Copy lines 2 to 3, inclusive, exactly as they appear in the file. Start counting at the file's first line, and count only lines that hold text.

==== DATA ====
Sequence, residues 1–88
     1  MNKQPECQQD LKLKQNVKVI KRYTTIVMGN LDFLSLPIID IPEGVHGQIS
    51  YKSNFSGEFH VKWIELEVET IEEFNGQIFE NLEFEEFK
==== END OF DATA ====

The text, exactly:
     1  MNKQPECQQD LKLKQNVKVI KRYTTIVMGN LDFLSLPIID IPEGVHGQIS
    51  YKSNFSGEFH VKWIELEVET IEEFNGQIFE NLEFEEFK